Our goal is not to suggest that institutionalized spaces for WOC should be dismissed or lessened, especially as many of the collective accounts from within the academy call for an increase in institutionalized support (Ashlee et  al., 2017; Gonzales & Shotton, 2020; Patterson-Stephens & Hernández, 2018; Poon et al., 2018; The Santa Cruz Feminist of Color Collective, 2014; Rivera, 2020). Like existing literature by WOC about U.S. postsecondary education (e.g., Ashlee et al., 2017), many of us experienced belonging (albeit imperfect and layered with grief from not having it previously) in a postsecondary WOC space even if we didn’t initially identify as a WOC initially or later rejected WOC identity for ourselves. Like intersectionality frameworks that seek to capture the complexity of life, each of us experienced belonging as a complexity. Some of us were able to come out in this space as members of the LGBTQIA+ community. Some of us built friendships where we did not have to over explain our existence. For the first time, many of us were in a space where we did not have to focus on White people’s allyship but could focus on our healing, accountability, and learning. In learning and sharing our individual histories with each other, as Alexander (2006) insisted, we noticed the power and ongoing work postsecondary spaces for WOC must take on to truly ensure inclusion. 

As former student affairs staff and students, we see a gap in the research about the challenges and rewards of engaging intersectional postsecondary spaces for WOC. We are finding the adoption of intersectionality frameworks and CAE methodology to be especially critical for our many questions as both recognize relationality and power as a way of knowing the social world. Combining CAE methods with an intersectionality framework has freed us from saying everything about WOC identity or solidarity, as such a goal would be outside of the realm of qualitative research (Richardson & St. Pierre, 2005). Instead, we seek to focus on our individual intersections as a way to illuminate the larger structures of power at a predominantly White institution that makes a WOC program (im)possible and to improve practices of solidarity from within such programs. We believe it’s important to hold postsecondary WOC programs and spaces accountable as extensions of the larger institution. Institutionalized spaces today may not evoke the political solidarity efforts of the past entirely as meanings of solidarity must always be contextualized (Collins & Bilge, 2016). An intersectionality framework is helpful to evaluate the ways institutionalized spaces for WOC are sites of unequal power that require continual analysis and transformation for ongoing inclusion to be experienced by individuals who are perhaps learning about WOC identity and solidarity for the first time, as well as individuals who are questioning their gender identity or no longer see themselves identifying as a WOC but still require solidarity from the institution. For me (Naseeb), a former student affairs staff member who was hired to lead a WOC postsecondary space, accountability has consisted of using collaboration with current and former undergraduates and staff participants in the space as a way of knowing and being that accounts for the particular locations we each hold. Along the way, we are learning about ourselves, as writers, thinkers, and friends. The pandemic has shown me the power of collaborative research as a way to break through isolation, loneliness, and lovelessness (e.g., hooks, 1999), which makes the many hurdles of a first-time researcher worthwhile. We look forward to the ongoing work ahead of us, hope folx will engage our thinking at the conference should our proposal be accepted, titled, “Using Intersectionality to Trouble Institutionalized Women of Color Solidarity.” We are also deeply grateful to ACPA’s Coalition for Student Involvement for supporting our work as a team of first-time researchers with the graduate student grant!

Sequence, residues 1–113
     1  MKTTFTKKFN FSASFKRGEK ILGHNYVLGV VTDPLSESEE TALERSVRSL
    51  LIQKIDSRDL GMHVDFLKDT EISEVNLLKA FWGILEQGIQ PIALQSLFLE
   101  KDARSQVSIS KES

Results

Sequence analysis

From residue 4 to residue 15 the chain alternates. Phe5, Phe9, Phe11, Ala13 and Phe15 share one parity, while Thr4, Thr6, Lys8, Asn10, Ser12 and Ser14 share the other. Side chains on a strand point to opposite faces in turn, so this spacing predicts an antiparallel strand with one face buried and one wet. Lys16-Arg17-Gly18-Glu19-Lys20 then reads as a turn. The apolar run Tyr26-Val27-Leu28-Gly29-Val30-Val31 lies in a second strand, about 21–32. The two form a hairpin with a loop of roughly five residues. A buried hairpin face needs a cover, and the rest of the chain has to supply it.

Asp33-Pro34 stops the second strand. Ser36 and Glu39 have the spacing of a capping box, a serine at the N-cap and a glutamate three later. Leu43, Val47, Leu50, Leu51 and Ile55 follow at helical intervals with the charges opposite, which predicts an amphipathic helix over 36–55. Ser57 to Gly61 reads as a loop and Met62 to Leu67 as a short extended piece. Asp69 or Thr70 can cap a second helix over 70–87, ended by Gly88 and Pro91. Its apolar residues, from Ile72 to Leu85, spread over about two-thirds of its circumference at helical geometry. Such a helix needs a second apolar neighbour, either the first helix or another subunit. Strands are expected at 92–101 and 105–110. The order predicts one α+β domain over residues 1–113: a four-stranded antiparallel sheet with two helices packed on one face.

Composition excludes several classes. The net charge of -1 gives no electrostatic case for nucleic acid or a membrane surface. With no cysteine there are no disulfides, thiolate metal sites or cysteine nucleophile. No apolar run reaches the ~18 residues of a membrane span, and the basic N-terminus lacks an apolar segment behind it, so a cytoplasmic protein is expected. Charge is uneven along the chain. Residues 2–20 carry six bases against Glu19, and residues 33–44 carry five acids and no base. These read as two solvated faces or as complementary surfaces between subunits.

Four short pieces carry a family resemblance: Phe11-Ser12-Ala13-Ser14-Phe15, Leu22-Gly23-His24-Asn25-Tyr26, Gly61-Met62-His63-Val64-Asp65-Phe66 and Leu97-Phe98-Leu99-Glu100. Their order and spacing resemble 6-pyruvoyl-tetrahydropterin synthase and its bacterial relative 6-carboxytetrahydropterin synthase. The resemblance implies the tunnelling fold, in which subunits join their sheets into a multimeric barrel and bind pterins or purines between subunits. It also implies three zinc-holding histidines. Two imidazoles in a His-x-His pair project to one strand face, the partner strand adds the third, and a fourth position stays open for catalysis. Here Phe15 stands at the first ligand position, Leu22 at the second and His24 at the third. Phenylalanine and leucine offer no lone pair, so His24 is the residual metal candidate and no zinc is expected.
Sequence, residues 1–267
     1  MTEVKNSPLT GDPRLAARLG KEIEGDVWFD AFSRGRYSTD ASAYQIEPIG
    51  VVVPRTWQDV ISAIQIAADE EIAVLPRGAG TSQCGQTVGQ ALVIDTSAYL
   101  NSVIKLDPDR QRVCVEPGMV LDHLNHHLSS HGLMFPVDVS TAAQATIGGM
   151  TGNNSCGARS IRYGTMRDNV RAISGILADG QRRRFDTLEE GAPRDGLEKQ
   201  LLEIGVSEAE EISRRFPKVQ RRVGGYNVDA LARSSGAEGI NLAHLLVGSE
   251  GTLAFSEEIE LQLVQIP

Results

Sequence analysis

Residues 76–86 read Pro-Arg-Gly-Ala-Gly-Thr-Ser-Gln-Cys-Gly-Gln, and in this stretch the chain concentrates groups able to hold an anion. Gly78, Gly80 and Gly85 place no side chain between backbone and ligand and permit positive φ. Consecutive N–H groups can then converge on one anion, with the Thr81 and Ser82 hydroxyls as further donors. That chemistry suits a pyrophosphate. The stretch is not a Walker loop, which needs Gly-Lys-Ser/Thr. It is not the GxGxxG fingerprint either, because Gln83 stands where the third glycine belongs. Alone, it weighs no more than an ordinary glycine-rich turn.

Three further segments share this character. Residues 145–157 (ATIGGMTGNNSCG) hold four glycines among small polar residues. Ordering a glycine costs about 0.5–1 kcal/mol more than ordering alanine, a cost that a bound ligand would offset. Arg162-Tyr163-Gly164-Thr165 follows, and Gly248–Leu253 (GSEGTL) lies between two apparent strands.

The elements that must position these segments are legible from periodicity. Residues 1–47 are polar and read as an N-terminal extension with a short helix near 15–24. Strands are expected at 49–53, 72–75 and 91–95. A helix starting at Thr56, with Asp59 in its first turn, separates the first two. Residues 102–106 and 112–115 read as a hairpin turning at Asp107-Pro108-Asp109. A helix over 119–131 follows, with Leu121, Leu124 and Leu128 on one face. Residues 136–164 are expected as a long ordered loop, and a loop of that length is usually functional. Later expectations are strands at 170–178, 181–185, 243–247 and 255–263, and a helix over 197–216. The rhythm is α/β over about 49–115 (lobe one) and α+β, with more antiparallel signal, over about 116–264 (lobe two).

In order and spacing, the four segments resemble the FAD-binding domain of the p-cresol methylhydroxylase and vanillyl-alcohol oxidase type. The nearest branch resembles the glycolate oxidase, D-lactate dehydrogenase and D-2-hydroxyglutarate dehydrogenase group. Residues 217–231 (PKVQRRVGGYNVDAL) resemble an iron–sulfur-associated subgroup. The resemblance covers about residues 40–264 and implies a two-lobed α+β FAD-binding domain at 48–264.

About the Authors

(Naseeb K. Bhangal, Wardah Mohammed, Johanna Hughes, Javed Ahmed, Tenzing Dolma, Diandra Sarr, & Hannah Honor): Our collaborative autoethnography team includes six cis-gender women and one Trans* man; two multi-racial individuals (one identifying as Senegalese-Mexican, Black, and Afro-Latinx, and another identifying as Black, Indigenous and Afro-Latinx), four South Asians (one Pakistani, one Bangladeshi, one Tibetan, one Indian), and one transracial Korean adoptee; five individuals identify as a part of the LGBTQIA+ community. We ranged in age from 19 to 29, came from different religious traditions (Islam, Tibetan Buddhism, Sikhism, and Indigenous), varied in our educational backgrounds/disciplines; four of us are alumni (including a recent Spring 2021 graduate), and three of us remain undergraduate students.